Articles Tagged: Holidays


What do I drink for? The Holiday Season

No matter what you’re celebrating, happy Christmas, merry Chaunakah, a joyous Kwanzaa, a prosperous solstice and New Year, there’s a gin drink to celebrate your holidays with.

HAPPY XMAS. Now what do I drink?  Well if you’re celebrating Christmas, I think its safe to assume you have a seven and a half foot pine tree in your living room, decked out in your family’s finest spherical ornaments and familial Hallmark heirlooms? Then let me suggest something a bit literal. Pine. Let’s bring it.

You’re a gin drinker. Do you have a bottle of Douglas Fir Eau De Vie?


Put it on your list and then come back. Yes? Let’s go.

Pine Needle Press: 2 large cucumber slices. 2 parts of a nice juniper forward gin. 1 part Clear Creek Douglas Fir Eau De Vie 1/2 part Lemon Juice 1 part simple syrup. Shake ingredients with ice, strain and serve in a cocktail glass. Top with soda warter. Garnish with a lemon twist or pine branch.

Its bright (it’s green) and it tastes like a fresh Christmas cocktail should.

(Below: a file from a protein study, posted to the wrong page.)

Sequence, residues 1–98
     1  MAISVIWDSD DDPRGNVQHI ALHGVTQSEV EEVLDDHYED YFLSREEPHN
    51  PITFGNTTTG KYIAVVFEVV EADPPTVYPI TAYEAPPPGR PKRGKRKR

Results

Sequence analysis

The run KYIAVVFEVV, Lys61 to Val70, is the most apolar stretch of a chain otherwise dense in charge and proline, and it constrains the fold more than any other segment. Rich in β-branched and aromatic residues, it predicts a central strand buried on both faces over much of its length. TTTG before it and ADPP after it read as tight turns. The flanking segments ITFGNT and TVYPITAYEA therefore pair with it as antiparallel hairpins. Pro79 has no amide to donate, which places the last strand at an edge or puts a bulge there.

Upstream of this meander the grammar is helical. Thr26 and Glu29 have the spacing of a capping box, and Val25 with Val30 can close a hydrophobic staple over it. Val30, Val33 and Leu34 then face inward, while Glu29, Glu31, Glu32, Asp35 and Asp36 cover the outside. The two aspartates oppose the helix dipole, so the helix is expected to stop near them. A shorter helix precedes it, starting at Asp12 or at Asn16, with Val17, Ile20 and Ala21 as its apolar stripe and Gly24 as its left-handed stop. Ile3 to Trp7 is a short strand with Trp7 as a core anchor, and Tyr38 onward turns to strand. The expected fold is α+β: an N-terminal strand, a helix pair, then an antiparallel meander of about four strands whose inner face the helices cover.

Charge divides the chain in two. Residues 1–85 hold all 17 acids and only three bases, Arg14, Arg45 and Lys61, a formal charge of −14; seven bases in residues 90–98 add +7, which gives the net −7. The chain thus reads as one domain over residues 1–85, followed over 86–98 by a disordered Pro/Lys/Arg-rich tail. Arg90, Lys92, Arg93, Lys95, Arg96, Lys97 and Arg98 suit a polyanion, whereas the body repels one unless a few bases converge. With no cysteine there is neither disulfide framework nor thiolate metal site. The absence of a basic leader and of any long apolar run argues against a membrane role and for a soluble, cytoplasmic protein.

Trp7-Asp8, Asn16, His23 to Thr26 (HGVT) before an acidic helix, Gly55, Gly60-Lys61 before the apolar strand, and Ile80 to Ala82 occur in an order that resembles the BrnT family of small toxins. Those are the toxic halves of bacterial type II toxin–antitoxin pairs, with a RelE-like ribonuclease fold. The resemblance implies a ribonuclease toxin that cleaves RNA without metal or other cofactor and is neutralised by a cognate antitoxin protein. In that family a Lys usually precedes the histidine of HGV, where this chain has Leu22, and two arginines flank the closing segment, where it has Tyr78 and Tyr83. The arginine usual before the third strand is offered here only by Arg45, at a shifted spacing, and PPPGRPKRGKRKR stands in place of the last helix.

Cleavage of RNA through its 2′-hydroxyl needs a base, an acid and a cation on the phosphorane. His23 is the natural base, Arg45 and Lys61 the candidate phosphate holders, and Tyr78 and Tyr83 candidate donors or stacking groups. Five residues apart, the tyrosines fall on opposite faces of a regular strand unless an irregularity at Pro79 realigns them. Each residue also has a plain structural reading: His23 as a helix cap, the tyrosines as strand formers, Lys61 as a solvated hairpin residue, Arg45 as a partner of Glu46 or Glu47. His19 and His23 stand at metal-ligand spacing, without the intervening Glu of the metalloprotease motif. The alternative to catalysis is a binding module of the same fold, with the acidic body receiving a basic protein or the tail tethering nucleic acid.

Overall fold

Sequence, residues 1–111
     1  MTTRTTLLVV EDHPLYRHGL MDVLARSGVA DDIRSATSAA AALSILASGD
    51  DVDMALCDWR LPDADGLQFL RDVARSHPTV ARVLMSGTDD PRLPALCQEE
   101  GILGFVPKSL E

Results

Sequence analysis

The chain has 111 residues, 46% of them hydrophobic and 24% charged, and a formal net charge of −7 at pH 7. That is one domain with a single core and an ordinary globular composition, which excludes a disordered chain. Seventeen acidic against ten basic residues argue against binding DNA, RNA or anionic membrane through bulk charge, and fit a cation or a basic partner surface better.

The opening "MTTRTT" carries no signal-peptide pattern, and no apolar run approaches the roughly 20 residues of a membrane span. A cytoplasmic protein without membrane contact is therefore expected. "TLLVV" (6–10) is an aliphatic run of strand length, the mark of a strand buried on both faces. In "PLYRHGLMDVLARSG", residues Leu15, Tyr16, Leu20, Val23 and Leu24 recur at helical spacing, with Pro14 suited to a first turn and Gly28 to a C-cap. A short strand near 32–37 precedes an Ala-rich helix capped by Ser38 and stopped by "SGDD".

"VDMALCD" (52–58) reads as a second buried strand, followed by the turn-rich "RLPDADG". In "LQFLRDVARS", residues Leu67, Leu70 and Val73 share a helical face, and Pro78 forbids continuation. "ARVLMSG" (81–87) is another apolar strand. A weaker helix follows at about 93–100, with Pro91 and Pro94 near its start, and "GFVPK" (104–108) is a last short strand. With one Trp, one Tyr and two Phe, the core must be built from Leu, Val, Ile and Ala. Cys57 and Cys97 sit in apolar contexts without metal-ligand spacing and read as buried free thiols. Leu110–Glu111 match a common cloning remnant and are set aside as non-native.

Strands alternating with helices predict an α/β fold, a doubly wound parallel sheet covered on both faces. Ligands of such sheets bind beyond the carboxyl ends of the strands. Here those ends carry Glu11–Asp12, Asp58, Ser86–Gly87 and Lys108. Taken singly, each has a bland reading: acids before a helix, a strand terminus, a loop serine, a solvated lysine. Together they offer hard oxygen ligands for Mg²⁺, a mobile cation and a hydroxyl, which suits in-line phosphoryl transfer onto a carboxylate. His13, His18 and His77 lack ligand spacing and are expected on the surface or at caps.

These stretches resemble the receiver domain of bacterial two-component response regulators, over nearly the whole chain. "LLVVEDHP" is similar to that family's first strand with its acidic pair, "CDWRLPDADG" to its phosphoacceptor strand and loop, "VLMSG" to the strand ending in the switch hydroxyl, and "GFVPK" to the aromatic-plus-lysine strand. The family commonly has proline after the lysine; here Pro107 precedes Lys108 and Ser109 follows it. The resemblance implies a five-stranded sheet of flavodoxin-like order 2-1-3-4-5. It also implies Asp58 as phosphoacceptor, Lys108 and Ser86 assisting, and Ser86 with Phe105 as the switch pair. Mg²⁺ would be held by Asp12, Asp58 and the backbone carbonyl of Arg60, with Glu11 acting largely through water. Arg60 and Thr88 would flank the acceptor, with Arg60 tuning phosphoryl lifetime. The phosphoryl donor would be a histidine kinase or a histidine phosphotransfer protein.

HAPPY HANUKKAH! Now what do I drink?

As you light the candles on your menorah you might just be looking for something to drink while basking the glow of candlelight.

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Behind the Bar with Seneca Drums Gin

I spent the 2010-2011 holiday season in Buffalo with my dear family. My in-laws (who are lovely people, and readers of this blog, so consider this a “shout-out!”) usually stock gin for the sole reason that I will drink it when I am there. They had bought a bottle of Bombay Sapphire a couple of years ago, but  said bottle ran out during a particularly heated “Iron Chef” competition with my wife’s future sister in law (consider this another “shout-out!”). So I, being the lovely person that I am, went to the store and bought a bottle to replace the one I “killed.”

That bottle was of Seneca Drums gin, and considering the fridge was well stocked with Q Tonic, the drink was an easy one to decide upon.

Setting the Scene: Again, this is the holidays. Hardly a mixologists’ convention. So we’re going easy here. Easy to make, and easy to drink. Though, I will say- in this case leaving the lime out was not laziness (though it could easily be mistaken for such….) it was due to the complexity and bouquet of the gin at hand. There is so much going on and so much to appreciate in Seneca Drums gin, that I elected to forgo the lime- which is unusual as in most cases, Q Tonic’s bitterness requires that bit of sweetness.

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